Of cause your parents matter emotionally provided they took care of you. But I did not grow up with them and my two years younger brother as only points of reference. There where so many other people I could learn about human mental variation from. I expect other people to have a comparable social experience. At least if they grew up in a modern, Western society. Or any society where you can learn to know your fellow beings.
We had relatives outside my nuclear family which I met regularly. In addition, there were my parent’s families and these friends’ families. I also grew up in an area of apartment buildings. So there were plenty of neighbours easy to get to. I was also allowed to move freely within built-up areas from at least the age of seven. It was not exactly like my parents watched like hawks over me.
When I was one year old I go my first family care. This was not a special solution but was offered by the City of Stockholm in the 80ies. I later got another family care who also looked after my brother. From the age of five I went to nursery school in the mornings. However, this was education through play and not conventional classroom education. I don’t think children are mature enough for that until the age of seven to eight.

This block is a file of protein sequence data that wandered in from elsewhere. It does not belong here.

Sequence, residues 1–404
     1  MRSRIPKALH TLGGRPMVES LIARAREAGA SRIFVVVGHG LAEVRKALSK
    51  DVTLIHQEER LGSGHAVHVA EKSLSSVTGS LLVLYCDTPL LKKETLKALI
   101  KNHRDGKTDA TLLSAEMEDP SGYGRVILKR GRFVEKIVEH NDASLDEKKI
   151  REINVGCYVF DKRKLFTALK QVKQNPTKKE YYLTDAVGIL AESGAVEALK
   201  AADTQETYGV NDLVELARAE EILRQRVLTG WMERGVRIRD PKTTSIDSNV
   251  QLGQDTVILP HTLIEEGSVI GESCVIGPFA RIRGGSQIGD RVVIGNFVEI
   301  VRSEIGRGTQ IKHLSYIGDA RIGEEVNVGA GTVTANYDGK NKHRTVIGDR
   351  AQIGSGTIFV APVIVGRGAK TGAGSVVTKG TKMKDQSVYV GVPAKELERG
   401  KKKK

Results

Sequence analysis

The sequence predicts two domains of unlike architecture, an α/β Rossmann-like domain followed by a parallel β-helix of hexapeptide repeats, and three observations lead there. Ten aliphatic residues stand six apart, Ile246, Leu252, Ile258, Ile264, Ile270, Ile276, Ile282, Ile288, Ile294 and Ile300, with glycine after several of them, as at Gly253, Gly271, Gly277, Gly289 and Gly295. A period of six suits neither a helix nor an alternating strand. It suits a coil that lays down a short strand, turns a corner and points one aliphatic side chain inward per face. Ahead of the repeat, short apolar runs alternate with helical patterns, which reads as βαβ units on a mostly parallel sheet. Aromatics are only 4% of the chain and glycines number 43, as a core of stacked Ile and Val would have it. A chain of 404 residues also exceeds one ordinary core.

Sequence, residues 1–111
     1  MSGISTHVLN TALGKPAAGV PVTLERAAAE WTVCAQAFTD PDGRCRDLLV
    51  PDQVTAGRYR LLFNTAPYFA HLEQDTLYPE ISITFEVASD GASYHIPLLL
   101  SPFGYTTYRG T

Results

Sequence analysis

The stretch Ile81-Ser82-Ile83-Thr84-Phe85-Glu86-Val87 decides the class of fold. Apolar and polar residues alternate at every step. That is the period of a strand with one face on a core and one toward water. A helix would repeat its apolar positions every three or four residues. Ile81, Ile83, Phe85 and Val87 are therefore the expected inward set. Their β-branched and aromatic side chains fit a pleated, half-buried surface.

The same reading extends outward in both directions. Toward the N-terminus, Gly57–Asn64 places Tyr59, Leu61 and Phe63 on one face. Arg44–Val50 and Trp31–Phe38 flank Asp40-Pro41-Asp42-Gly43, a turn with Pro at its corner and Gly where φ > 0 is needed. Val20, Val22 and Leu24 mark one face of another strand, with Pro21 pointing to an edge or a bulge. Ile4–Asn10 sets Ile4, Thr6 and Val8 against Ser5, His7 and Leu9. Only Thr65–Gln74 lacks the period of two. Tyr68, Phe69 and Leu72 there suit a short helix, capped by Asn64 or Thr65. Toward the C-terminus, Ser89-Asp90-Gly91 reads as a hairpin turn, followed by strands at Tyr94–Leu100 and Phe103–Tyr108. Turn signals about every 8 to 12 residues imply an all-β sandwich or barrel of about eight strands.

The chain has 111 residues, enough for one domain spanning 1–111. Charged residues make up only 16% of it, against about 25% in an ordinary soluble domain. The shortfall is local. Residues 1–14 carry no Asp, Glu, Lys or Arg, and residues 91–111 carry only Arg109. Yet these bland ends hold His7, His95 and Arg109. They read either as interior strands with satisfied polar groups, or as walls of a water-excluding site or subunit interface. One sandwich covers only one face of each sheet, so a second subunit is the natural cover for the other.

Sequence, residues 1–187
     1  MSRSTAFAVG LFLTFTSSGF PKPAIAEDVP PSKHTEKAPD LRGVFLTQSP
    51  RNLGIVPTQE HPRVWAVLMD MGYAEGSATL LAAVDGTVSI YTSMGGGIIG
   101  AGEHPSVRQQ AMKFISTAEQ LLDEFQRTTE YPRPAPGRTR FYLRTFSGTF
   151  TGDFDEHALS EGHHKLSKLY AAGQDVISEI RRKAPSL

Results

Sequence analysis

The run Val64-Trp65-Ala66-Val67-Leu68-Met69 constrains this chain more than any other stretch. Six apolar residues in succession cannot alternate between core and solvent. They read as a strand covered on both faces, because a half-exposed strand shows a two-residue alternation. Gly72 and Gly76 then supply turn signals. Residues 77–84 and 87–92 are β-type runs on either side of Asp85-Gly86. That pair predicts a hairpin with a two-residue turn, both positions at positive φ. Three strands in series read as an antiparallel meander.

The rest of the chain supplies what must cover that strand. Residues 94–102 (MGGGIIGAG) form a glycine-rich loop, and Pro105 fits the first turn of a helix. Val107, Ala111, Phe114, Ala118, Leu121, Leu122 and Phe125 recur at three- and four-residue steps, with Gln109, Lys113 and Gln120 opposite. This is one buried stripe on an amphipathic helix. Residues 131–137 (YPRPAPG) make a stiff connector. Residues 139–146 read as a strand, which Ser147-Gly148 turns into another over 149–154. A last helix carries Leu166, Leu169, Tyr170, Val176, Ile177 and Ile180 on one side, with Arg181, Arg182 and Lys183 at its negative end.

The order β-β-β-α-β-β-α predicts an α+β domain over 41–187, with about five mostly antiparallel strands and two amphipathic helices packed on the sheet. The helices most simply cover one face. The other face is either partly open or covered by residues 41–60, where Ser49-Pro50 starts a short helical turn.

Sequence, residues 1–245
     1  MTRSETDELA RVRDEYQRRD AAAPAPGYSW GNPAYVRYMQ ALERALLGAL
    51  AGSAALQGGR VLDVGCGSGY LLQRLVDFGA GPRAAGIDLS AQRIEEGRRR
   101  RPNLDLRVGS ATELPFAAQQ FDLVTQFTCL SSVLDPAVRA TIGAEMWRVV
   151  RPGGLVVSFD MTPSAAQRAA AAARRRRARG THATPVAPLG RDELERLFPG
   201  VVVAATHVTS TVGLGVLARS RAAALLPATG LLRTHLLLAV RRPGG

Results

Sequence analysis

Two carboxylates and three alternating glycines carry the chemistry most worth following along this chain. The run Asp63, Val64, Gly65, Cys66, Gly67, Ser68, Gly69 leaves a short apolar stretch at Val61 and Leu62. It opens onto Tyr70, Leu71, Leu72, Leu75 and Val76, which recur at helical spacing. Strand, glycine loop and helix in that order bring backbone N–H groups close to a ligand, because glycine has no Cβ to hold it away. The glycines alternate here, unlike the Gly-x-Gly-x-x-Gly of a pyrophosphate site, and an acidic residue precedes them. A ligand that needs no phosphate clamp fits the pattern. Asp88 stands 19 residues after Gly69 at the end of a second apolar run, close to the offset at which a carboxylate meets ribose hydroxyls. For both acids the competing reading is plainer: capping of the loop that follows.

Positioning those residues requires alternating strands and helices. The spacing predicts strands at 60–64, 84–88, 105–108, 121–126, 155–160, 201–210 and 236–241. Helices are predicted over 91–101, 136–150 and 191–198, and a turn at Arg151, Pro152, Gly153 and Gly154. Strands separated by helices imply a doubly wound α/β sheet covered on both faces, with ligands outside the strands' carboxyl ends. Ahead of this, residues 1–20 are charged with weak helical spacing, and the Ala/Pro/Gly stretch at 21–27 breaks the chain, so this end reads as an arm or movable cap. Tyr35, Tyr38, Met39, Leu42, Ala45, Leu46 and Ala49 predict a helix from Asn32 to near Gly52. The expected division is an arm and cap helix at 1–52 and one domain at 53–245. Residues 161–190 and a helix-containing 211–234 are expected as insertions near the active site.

From the age of seven I went to what I see as a proper school. This was the normal age to start school in the 80ies. Before the year you turned seven there was no compulsory school attendance. We even had acclimatization in school to teach us what conventional classroom education meant. I don’t think all the children have had child care before starting school. But the very most of them probably had.
How normal was my upbringing? I think it was rather normal at least until about the age of twelve. My family travelled around in our motorhome for a few weeks each summer. However, I could only talk with Norwegians, Danes and some Finnish people, these are culturally rather similar to us. So I don’t think the travels have affected me much. At least not in terms of understanding different cultures.
How about people who only ever gets home schooled? These would still have relatives, neighbours and/or their parent’s friends. They then inevitably come into contact with some degree of individual variation. Their circle of aquatints does not absolutely have to be representative. However, it always shows a considerable part of existing variation. Please note that one comes into contact with it before learning to read and write. We don’t have five-year-olds isolating themselves on Internet forums. Especially not in English which is particularly hard to learn to read and write.
But if you grew up in a dangerous cult? Then you did not grow up as part of a wider society. Such an upbringing in a cult also have its own problems. If one manages to leave the cult one would still be maladjusted due to unnatural upbringing conditions. Such people don’t become preachers or professional writers.
If one spend almost one’s entire upbringing on a lone farm, miles from its closest neighbour? Then one has not grown up as part of a society at all. I would expect such a person to be crudely misanthropist. This in contrast with behaving as if one was used to a position in society which did not exist in one’s lifetime. Without a circle of aquatints there would have been no signals of such a position.